- In class, what I did not realize was that the historical map shows only a part of the world, not the whole world. It’s only when I was georeferencing for this assignment that I figured this out. Another thing that I learnt when doing this assignment is that although the names of the places on the historic map are old names not used anymore, they are still informative when we want to know where this part of the world coincide with today’s map. For example, the region “Italia” on the old map is obviously equivalent to Italy. I also figured out that the zooming in really helps to place the dots exactly where you want.
- I can access the map through the GIS apps or I can export to GeoTIFF
- I can see many possibilities for georectified maps. For example, we could overlay maps of different epochs to see how certain geographical features changed over time. I believe we can also use I’m built 3D tools to render a better experience. There’s also the ability to use high resolution so as to inspect the maps in detail, reminiscent of a magnifying glass. I am sure that there are many other things we can do with georectified maps.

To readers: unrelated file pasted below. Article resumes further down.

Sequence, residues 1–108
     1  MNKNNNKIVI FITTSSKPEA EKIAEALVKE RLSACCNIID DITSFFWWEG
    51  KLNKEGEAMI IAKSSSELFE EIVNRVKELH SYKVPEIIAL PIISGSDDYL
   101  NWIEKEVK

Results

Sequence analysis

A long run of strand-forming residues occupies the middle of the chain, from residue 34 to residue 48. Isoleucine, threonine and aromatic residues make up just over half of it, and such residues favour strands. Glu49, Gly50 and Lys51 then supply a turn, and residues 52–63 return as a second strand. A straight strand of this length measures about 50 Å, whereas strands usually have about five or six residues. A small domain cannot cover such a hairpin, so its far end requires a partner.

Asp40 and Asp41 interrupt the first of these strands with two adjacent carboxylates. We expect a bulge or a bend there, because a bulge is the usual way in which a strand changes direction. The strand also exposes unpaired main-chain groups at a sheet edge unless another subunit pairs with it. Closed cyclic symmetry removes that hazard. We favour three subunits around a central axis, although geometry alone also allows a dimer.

• Some of the problems with georeferencing that I can think of are (i) the historical map when get deformed when we try to georeference it depending on the type of transformation applied. (ii) with no labels on the historical map, it is difficult to know where the landmarks are; this makes it hard to match the historical map with the present-day one. (iii) We can’t always trust the labels of the historical maps: a map labeled as Spain for instance may actually not be Spain but another country, city, etc… This makes it hard for doing georeferencing.
• In my opinion, the georeferencing technique would not be suitable for research questions that don’t have anything to do with looking at spatial relationships and the mapping of one area onto another. For example, the scientific question ” what’s the nature of the atom?” cannot be resolved by georeferencing.
By the way, here is a link to my georeferenced map: